Стойкий Мужик (Stoikiy muzhik). That’s me. 

What about the rest of the tattoo, though?

It is full of symbolism, as most tattoos, I assume, are.

The foundation is Стойкий мужик, underlying the blue lotus flower, giving it a base on which to rise above all else.  As blue lotus flowers represent rebirth in various belief systems, and lotus flowers in general are said to rise out of mucky waters to blossom beautifully, using “standing man” as a pedestal seemed the right choice.

The lotus is oft seen as the seat upon which the Buddha sits, but I wanted to have the notion of starting over to stem from my own resilience, since bouncing back has to happen first before the process of rebirth can ever take place. And at this time, the time of getting the tattoo in May of 2016, I haven’t yet given focus to starting over, even though friends and family goad me to. My focal point is still survival and keeping going–which requires a resilient approach, which is the bedrock of all.

Branching out to the left and right of Стойкий мужик are the names of my children, in Russian.  Admittedly, one reason I chose to not put their names in English is because it clashed a bit with the Cyrillic lettering in the middle, but there was more to it than that.

In January of 2014, I made a choice to stand by my principles. And following my own heart in knowing what was right prompted certain parties to act in a way that shattered my heart, starting off a nightmarish 189 days without my children.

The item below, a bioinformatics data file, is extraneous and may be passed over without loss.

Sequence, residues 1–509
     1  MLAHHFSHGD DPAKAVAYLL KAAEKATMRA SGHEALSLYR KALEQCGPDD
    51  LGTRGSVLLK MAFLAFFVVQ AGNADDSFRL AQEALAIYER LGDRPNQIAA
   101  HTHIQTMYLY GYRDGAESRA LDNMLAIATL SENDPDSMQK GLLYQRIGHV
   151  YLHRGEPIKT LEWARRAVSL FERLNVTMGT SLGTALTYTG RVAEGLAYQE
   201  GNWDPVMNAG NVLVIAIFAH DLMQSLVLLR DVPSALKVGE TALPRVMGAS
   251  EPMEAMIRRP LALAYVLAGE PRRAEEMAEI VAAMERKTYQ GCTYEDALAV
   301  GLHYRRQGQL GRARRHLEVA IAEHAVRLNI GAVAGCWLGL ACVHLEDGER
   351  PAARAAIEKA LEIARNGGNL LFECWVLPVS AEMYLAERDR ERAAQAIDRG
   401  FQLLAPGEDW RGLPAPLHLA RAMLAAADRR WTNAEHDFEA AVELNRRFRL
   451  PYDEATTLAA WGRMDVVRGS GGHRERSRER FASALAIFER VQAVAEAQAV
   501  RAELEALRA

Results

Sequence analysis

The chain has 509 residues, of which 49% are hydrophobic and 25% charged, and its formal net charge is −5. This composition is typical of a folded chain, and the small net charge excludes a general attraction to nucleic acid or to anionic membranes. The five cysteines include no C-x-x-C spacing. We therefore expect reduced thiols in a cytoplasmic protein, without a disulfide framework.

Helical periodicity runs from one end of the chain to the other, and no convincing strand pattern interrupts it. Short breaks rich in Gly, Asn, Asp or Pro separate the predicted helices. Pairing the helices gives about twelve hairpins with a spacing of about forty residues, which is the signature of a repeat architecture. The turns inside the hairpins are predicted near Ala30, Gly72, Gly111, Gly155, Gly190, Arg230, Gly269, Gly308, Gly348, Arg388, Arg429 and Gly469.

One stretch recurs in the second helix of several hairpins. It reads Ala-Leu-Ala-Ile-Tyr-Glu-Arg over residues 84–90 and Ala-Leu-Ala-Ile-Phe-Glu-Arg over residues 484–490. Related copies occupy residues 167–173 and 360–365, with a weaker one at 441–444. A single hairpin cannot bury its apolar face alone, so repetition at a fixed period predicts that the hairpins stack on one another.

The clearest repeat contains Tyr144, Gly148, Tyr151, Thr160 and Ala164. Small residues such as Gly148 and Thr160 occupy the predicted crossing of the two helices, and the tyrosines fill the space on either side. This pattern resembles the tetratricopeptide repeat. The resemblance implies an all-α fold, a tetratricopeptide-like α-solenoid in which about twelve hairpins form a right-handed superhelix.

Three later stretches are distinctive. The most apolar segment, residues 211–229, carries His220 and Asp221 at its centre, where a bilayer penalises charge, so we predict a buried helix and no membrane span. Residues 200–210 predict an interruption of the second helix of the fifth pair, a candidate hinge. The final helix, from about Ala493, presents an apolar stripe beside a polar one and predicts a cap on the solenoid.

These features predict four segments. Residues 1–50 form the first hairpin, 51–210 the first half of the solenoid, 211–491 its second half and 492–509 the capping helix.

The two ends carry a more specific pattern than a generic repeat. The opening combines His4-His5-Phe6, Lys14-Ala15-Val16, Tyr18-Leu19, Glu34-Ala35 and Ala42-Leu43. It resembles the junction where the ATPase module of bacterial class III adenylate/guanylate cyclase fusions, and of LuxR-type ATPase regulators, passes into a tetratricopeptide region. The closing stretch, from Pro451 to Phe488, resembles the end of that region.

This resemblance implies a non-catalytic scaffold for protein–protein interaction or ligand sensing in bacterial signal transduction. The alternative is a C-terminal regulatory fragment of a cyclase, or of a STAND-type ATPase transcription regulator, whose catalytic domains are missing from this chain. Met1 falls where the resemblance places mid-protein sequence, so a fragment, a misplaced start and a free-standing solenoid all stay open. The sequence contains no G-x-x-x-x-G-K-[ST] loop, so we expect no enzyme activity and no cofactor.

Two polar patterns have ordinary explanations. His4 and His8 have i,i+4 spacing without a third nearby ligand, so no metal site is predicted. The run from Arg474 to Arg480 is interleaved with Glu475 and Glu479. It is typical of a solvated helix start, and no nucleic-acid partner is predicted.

If, on January 5th that year, my good college friend William had been in town for a visit, since I’d posted on my Facebook that I could use help and support–after a hellish first three months of separation, I would have taken him on an outing with my two kids. If my childhood best friend (40-year-long friend) Derek had been here, too, I would have done the same. The same goes for my high school friend, Mike (now known 34 years), or long-term friend Robert. Instead, an 18-year-long friend came for a visit, and on the Sunday she was here, a day before she left, I invited her on a four-hour tour with my kids.

I’d met her husband and first child in 2001, in Canada, and even stayed in their house with my then girlfriend, at the time. So I told her that it would be ridiculously unfair that she NOT see my children on January 5th, especially because I was proud to be a daddy and wanted to introduce them to her.  To have her return to Canada without even seeing my kids would be absurdly wrong. The principles that told me that I will forever stand by.

However, on the same night of her visit, I received messages that I had done something wrong, unsubstantiated and egregiously inaccurate accusations that I had had an affair in front of my kids. There was no such thing, and I will take that truth to my grave with me, knowing that my principles were right–even though I was beaten down for 189 days without my children because of standing by them.

Because the start of the pure hell that has been this 2.5 years began in earnest from that experience (though it started before that), I wanted to have Russian in my tattoo to reveal the commencement of absurdities is connected to that language.